I’m 43 years old, and I have been mostly vegetarian since age 18. At age 36, I finally decided to go vegan. It’s not that I pondered going vegan for 18 years before committing, it’s just that it wasn’t really on my radar. In 2010, seeking answers to health problems, I read The China Study by T. Colin Campbell and Eat to Live by Joel Fuhrman. After reading those two books, I finally understood the advantage, and the choice to be vegan became a no-brainer.
I naively thought that once other people heard the same message, they would have the same epiphany. That my friends & family would start asking me lots of questions, like how I was suddenly able to run back to back endurance races without injury or fatigue, or why my skin looked so clear, or how I looked so fit. Instead, they looked at me with concern.
I suspect that many of my friends quietly thought my eating was extreme or disordered, or that I was restricting my food choices because of low self esteem. Quite the opposite, I felt so positive, that I started valuing myself, and didn’t consider the standard American diet worthy of my body anymore. I was addicted to feeling good, and hopeful to spread the message to others whose lives I touched.
But what evolved was more like isolation, like being stranded on a vegan island. (Not that I would complain…I think a fruit farm in Hawaii sounds amazing). I invited a friend to join me at the Woodstock Fruit Festival, an idea which she quickly rejected as the worst idea of a vacation ever. I cooked vegan meals at home, about which my family openly complained. At age 43, countless races & blog posts later, I can honestly say that still none of my close friends are vegan (that I know of).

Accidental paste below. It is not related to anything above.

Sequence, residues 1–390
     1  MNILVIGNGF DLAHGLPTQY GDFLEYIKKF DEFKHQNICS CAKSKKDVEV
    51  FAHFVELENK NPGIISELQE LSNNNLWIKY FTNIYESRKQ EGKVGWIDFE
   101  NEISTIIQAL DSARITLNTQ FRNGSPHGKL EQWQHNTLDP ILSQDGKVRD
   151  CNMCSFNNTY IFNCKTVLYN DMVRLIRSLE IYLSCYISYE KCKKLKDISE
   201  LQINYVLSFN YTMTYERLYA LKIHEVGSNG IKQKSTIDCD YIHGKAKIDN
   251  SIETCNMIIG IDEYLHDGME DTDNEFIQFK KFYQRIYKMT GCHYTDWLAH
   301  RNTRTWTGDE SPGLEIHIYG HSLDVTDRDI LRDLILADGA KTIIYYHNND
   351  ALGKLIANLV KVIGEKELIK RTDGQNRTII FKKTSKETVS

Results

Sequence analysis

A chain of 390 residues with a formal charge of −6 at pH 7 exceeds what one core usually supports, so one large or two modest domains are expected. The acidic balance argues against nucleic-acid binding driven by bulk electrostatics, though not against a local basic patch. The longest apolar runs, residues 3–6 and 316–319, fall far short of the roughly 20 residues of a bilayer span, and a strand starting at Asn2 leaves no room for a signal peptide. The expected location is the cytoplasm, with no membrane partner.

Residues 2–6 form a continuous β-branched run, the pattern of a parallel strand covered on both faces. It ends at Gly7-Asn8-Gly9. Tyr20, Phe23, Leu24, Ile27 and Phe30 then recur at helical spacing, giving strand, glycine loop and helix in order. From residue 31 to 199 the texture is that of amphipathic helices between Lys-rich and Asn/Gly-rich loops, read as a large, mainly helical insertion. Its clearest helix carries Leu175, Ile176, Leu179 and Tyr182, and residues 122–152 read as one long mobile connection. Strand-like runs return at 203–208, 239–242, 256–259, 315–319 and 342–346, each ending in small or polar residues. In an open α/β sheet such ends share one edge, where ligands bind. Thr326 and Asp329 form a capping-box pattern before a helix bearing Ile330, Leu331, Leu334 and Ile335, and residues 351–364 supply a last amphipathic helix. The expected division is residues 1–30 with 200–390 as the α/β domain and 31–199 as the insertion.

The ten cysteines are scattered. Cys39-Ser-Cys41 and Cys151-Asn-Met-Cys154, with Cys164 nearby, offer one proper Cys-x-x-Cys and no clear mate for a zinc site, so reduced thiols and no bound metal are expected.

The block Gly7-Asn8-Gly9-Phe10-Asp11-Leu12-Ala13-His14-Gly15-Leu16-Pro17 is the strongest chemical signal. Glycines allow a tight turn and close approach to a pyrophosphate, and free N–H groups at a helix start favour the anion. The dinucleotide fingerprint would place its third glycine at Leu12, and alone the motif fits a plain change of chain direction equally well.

And neither is my local neighborhood. A quick search of the Happy Cow app reveals that the closest vegan restaurants are not in my zip code. In order to buy groceries, I still have to spend my money at markets carrying meat and animal products. Even my produce delivery service has expanded to offer meat & dairy.
It can feel lonely being vegan, but I encourage you to keep seeking out community. For me, that started online, and eventually led to a visit to the Stanford Inn, a vegan eco-resort in Northern California. I cannot express how positive it felt to hang out with some vegan people for literally the first time in my life, and to not be in the minority. I physically felt that long-held tension melt away, like my insides were finally untwisting and relaxing.
Since that visit, my soul has changed. There is no more wavering in my commitment, no more hiding my dietary preferences from friends, no more bending at social functions, so as to not make waves. I am unabashedly vegan now. I’ve come out of the vegan closet. I’m wearing green more often, in case someone should happen to ask. No, I’m not an angry vegan, I’m still full of vegan love, and I’m ready to be friends with you.